ODD forms a framework for targeting design opportunities and is valuable for evaluating solutions, but it is not in itself a design-generating tool. Since we work primarily on public buildings, our projects are always wrapped in constraints and divergent goals. We try to do great design on every project, to make enduring spaces that support the kind of experiences that stakeholders want to have. But we are often challenged to justify our proposals in the face of public scrutiny over how public money is being spent. The outcome framework turns out to be a really helpful tool for gaining public acceptance and support.
In our work we pursue what we think of as authenticity in the use of materials and forms to create places that will resonate with people. But, we don’t follow a particular formal design approach and a lot of what we’ve done hasn’t been attempted before. For instance, the methodologies we came up with for the MBTA Wayfinding Signage Project came out of our thoroughly documenting the state of the system, with all of its shortfalls, and then devising solutions that involved custom software applications and digital tools for sign design and fabrication.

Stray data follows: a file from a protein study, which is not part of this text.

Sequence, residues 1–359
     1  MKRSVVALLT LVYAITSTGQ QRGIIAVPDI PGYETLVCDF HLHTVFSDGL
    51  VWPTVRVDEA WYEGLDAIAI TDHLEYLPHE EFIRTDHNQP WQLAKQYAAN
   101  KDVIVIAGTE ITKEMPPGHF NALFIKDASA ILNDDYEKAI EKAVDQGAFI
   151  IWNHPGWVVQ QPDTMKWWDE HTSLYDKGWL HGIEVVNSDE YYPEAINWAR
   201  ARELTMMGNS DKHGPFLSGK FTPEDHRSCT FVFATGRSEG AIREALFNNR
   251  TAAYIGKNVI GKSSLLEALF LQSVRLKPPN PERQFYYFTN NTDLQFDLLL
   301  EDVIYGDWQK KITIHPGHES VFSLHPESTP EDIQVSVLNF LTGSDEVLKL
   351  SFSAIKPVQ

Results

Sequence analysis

On the Central Artery Project I was responsible for several infrastructure projects, including Vent Building 7, which is over at the airport. We did as much design on that as we could to express the qualities of how that building works, and it went on to win the Harleston Parker Medal fifteen years ago, which is the award that the BSA gives each year for the most beautiful building in Boston. This was really unusual for an infrastructure project. It didn’t set out to be the most beautiful building in Boston, rather, what we set out to do was to make an elegant piece of infrastructure, that expressed its purpose — pulling fumes out of the tunnel and pumping fresh air in, while being a good neighbor to the airport campus.
On advice he would give himself before starting
Like many young architects, my primary focus in the early part of my career was directed towards design activities and the goal of creating significant buildings. The structure of design offices enables this kind of concentration where entire teams of people are inwardly focused on creative tasks. While this internal focus is needed to produce great design, it can be at the expense of outward exposure and the cultivation of connections with people and clients beyond the office. It takes regular effort and practice for people who are not naturally outgoing to become comfortable with the engagement side of practice. At our office, we look for opportunities for our staff to gain exposure to the people side of practice. Ultimately, finding this balance is essential to being able to launch and sustain a practice.